Oh dear, how naive and silly you are. Neither Cameron nor Obama had any intention whatsoever of coming to the aid of the Syrian Revolution. They were far more interested in rapprochement with Iran but they were also more than happy for the idiot left to take the blame for the continued mass murder by Assad. There is no doubt that a No Fly Zone would objectively have helped the revolution whatever happened in Libya and for that reason I certainly would not have opposed it if it had happened but I would never call for imperialism to help a revolution because that would only create illusions. Your position is clear cut neo-Stalinism. As for Gadaffi, who cries for that mad dog except the degenerates?

        1. prianikoff says:

          If I’d ever suggested that Cameron or Obama wanted to “aid a revolution” in Syria, you might have a point, but you just invented that one.
          Unlike you Cameron and Obama understand the difference between revolution and counter-revolution. They want to steer the outcome of events in Syria in their own interests.
          And they’re quite capable of using your Stalinist slogan of a “democratic revolution” to do so.

          The “Coalition” is doing this by moulding opposition groups – e.g. the mafia style hit which eliminated the leadership of Ahrar-al-Sham in 2014 and replaced it with Turkish agents, the creation of Jaish al Islam by the Saudis – and by the use of its air-forces over Syria.
          Establishing an uncontested no-fly zone over Syria would enable the Coalition fulfil its strategic objective of regime change by providing air-cover to these militias.
          It would also enable them to neutralise Al-Nusra and ISIS.

          However you spin it, you support this strategy, because you totally obscure the support being given to these militias and give open support to an no-fly-zone.
          Your get-out clause that “I would never call for imperialism to help a revolution because it would create illusions” is just a piece of evasive nonsense.

          Putin’s illusions in re-creating the wartime alliance notwithstanding, there’s little-to-no prospect of NATO and Russia uniting to carve up Syria in the interests of a non-existent ultra-imperialism.

          Where I differ from the resident Left-Unity windbag Penny is in his lumping together of the YPG-J and the largely fictional FSA. The latter need a no-fly-zone because it’s the only chance they have to win power in Syria. That’s why they oppose the StWC.
          The former are a mass movement with real support in the Kurdish regions of Northern Syria.
          They have as much right to arms and air support as the Yugoslav Partisans did in WW2.
          Of course, having received millions of rifles and tons of ammunition from Britain, the Partisans made sure that British and American troops stayed out of Yugoslavia at the end of the War.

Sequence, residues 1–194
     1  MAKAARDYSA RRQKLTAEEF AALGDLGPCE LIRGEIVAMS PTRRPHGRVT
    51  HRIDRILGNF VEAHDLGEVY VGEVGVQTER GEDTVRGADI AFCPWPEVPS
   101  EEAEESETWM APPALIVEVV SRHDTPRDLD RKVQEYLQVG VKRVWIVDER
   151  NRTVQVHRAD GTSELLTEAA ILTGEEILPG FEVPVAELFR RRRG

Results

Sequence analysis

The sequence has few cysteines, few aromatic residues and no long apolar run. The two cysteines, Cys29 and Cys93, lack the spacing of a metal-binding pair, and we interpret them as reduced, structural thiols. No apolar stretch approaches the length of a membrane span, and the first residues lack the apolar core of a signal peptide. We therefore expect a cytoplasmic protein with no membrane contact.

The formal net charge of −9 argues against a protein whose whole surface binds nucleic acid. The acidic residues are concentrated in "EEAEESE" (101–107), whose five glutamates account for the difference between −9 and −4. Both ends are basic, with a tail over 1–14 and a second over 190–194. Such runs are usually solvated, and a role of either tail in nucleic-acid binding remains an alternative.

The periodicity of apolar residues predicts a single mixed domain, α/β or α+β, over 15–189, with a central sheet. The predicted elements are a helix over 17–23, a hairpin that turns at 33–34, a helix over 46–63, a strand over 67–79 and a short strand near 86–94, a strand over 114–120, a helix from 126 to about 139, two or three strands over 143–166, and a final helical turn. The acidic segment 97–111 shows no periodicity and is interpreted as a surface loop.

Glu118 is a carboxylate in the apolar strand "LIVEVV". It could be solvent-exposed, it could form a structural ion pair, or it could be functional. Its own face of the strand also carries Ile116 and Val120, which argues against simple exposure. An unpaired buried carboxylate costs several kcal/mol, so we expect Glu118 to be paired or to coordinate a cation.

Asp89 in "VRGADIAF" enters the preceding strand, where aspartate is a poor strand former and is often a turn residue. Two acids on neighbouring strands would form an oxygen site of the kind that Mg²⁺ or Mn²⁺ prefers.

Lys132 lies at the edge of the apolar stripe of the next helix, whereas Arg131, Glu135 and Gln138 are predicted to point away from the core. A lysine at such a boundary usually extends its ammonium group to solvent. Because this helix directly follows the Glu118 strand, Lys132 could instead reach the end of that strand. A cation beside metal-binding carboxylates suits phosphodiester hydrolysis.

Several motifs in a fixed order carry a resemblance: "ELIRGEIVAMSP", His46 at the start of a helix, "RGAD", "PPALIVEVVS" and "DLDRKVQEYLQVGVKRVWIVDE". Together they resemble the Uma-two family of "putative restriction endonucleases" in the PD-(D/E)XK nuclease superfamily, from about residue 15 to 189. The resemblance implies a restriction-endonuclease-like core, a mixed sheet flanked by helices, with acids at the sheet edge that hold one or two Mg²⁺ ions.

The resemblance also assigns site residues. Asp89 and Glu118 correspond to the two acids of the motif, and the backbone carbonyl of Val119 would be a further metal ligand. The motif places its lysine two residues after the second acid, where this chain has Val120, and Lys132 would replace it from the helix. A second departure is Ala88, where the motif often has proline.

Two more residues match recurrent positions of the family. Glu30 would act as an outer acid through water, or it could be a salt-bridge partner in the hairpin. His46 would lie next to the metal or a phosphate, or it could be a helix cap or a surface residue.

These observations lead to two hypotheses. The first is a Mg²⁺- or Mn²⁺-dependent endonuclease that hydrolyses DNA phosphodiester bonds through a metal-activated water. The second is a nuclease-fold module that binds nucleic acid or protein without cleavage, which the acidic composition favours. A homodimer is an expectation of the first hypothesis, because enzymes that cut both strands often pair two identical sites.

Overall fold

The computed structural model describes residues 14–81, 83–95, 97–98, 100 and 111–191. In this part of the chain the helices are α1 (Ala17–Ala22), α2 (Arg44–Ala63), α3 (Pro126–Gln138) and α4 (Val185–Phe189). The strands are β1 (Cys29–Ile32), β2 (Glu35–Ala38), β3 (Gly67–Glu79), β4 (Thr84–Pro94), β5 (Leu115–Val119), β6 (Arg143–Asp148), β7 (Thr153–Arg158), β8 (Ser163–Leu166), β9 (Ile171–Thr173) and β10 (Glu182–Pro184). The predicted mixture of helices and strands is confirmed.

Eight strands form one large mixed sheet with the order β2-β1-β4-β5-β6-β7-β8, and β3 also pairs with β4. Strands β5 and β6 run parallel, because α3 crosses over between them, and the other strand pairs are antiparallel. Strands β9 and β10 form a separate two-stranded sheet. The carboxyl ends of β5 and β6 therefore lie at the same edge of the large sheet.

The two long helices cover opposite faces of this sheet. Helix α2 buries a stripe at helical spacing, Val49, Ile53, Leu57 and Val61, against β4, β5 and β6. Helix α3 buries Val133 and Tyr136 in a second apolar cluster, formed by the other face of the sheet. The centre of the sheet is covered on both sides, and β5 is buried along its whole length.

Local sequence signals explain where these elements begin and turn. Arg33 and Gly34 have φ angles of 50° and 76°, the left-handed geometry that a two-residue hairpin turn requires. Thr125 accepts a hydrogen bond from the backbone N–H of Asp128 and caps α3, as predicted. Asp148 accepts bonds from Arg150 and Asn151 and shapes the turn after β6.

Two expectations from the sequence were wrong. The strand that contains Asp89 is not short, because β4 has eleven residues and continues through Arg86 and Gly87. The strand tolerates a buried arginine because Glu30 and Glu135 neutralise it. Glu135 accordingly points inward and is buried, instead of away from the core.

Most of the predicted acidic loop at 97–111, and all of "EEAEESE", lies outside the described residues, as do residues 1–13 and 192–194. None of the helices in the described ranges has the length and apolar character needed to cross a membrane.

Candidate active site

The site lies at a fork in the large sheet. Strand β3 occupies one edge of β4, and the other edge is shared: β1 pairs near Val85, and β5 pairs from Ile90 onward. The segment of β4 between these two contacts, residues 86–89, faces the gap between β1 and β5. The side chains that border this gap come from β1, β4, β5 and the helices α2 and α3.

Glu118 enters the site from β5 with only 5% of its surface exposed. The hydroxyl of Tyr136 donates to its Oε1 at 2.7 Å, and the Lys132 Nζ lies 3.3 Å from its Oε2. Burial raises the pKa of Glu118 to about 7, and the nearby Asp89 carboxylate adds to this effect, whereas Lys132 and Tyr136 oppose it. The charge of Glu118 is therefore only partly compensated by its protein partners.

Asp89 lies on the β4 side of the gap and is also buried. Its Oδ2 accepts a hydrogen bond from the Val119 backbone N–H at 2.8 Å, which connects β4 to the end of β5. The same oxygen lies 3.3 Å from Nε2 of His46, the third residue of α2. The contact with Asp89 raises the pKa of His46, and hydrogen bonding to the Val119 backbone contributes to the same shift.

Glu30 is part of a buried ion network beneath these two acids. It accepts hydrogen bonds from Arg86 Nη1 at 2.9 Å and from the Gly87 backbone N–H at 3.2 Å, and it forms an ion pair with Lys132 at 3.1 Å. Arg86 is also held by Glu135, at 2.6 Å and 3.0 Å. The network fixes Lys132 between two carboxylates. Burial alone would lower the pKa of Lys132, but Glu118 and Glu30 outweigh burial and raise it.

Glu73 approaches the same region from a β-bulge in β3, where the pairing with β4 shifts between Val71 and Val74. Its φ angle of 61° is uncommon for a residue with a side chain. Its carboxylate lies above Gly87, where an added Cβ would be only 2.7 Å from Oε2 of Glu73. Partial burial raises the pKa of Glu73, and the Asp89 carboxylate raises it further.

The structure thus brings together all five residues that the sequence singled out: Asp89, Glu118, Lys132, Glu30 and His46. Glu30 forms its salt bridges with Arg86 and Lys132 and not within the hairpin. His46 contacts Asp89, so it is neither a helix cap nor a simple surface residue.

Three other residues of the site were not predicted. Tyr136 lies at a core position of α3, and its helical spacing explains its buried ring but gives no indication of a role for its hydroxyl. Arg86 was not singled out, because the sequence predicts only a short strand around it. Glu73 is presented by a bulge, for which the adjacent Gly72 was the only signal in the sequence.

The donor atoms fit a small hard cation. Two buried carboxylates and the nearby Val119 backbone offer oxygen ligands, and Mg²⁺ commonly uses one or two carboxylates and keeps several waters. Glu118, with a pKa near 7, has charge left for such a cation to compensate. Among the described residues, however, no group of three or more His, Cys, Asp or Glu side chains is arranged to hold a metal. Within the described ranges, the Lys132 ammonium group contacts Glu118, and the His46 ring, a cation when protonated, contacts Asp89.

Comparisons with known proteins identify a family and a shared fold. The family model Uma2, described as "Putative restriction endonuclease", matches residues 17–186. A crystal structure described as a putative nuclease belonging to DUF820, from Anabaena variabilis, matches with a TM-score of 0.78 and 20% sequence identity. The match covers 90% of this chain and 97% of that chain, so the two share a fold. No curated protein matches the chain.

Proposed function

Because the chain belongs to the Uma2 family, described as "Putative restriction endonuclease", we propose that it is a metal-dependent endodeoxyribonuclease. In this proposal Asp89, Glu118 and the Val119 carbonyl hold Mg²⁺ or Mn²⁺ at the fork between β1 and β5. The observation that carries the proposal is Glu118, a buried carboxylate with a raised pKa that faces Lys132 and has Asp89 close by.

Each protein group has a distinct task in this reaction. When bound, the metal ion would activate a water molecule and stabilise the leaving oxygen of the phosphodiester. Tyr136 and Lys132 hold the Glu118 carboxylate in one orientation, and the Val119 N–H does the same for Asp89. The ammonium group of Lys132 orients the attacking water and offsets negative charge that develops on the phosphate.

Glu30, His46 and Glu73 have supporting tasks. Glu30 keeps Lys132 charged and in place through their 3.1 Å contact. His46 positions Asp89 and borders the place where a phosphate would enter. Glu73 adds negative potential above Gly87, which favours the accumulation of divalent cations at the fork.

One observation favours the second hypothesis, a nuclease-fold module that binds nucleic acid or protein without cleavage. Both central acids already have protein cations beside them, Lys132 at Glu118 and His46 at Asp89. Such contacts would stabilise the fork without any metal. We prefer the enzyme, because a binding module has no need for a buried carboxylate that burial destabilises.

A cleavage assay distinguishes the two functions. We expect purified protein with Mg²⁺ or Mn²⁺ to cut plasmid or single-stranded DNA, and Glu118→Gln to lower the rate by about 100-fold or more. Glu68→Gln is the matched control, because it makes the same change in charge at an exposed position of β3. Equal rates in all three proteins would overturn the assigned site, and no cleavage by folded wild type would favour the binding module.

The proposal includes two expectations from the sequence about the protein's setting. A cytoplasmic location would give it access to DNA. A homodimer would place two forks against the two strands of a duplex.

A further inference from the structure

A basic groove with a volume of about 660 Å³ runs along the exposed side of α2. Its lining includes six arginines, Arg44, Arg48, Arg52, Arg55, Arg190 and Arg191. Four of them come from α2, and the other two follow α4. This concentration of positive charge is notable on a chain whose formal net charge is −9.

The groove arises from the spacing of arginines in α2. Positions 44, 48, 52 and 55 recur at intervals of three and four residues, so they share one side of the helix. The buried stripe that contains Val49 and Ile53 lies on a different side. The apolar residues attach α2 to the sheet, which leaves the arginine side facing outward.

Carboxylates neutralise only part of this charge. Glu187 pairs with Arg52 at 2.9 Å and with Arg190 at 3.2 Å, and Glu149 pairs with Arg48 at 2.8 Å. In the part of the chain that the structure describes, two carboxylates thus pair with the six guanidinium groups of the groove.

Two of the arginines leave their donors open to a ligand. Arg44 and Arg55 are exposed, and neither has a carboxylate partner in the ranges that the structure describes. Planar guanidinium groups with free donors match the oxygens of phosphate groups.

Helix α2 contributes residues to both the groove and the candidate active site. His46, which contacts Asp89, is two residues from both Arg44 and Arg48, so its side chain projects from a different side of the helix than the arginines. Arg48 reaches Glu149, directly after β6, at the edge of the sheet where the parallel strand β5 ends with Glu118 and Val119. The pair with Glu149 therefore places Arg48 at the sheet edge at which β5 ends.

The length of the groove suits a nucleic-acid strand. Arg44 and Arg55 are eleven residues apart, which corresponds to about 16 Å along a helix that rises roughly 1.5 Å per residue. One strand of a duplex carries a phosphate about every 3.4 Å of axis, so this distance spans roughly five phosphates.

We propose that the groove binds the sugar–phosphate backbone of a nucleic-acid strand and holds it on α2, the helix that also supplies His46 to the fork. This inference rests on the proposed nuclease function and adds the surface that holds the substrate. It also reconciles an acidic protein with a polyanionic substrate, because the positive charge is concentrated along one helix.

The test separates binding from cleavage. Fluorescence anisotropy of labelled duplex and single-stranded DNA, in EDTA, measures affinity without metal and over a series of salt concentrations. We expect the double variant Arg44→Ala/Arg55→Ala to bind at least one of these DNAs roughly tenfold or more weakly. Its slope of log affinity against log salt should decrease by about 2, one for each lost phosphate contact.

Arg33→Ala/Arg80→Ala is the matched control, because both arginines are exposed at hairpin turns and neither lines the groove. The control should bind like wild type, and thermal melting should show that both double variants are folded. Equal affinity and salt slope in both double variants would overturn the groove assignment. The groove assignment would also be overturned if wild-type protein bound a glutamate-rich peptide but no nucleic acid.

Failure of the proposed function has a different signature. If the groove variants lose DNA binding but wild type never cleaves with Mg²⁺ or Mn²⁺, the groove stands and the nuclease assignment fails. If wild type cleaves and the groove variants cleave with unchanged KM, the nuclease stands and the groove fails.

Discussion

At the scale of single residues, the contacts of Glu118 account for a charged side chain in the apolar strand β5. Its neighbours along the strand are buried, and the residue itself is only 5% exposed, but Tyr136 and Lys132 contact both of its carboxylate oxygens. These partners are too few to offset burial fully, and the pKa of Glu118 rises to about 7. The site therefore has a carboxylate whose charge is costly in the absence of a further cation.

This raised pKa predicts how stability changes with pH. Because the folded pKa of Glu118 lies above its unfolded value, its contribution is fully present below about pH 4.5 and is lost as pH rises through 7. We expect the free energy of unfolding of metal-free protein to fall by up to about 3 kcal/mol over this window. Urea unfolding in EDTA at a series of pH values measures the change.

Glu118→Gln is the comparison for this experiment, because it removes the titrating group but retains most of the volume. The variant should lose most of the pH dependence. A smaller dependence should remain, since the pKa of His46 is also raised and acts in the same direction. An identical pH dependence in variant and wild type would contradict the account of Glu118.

Which is what the YPG-J should do too.

          1. David Ellis says:

            Look we get it. You are a neo-Stalinist who supports Putin and his puppet Assad in the name of some deluded idea of `anti-imperialism’ whilst I am an unconditional supporter of the Arab Spring which has been abandoned by the degenerate Western left and conspired against by Western imperialism. As for Penny he’s a New Labour refugee who happens by some accident of fate to have found himself in Left Unity.

  11. Robert says:

    The problem is not that Corbyn is wrong or right for that matter, but he makes these comments and then does not go into detail, he leaves himself open not so much to the Tories but the hilariously called moderates or as they are known the Progress lot.

    Unless Corbyn starts to explain in detail what he means, he had better say nothing at all because if he carries on he will be open to a hit from the Progressive democrats or progress again.

    new labour is now dead what they mean is the name New labour is dead the new name now is Moderate or Progressive democrats.

    The issue is Corbyn has to state something and then explain it in detail we all know about the Right wing media, but also the right wing labour party are jumping onto the band wagon.

    IF Cameron now asks the labour party to back the strike in Syria or anywhere else the labour right will now go against Corbyn and back Cameron.

  12. David Pavett says:

    Phil BC says that we should be clear about what a ‘shoot to kill’ policy is and is not. The problem is that both he and Jeremy Corbyn are completely unclear. Corbyn’s response was an ill-considered off-the-cuff response. Phil BC says

    What a shoot-to-kill policy is is the gunning down of suspects. Not someone already attacking civilians.

    But where is this policy and who has advocated it? An armed response to a terrorist assault does not amount to such a policy.

    I am afraid that this whole article is about a figment of Phil BC’s imagination. That has not prevented a stream of responses discussing whether or not this imaginary policy is justified.

  13. Bazza says:

    Perhaps we defeat So Called Islamic State by demonstrating our humanity.
    When the named Paris atrocity planner and 2 others were taken out in a Paris police raid I kept thinking of the last words of the young woman, shouting to neighbours, “Help me! Help me! Help Me!”
    Perhaps she was just a young woman (like many young people) searching for something in life,, and perhaps realising her 6 month flirtation with So Called IS may have been a mistake.
    I also remember a comment by a British soldier who fought in Afghanistan saying how they were often up against barely kids, (de-educated in religious schools in the likes of Pakistan, often sent there by desperate poor parents who thought they woûld get an education and a meal).
    Humanity wins by trying to understand and pity dehumanised human beings, and using our collective imagination and intelligence plus art, music, comedy, critical thinking, analysis, and love to promote the equality of all human beings; we are the many of all religions (and those of none). So called IS hate the Grey Zone (diverse human beings – black/white, LGBT, Disabled, people of all regions and of none) coming together.
    I think as the Red Zone we add much to his cause.
    Yours in peace, love & international solidarity.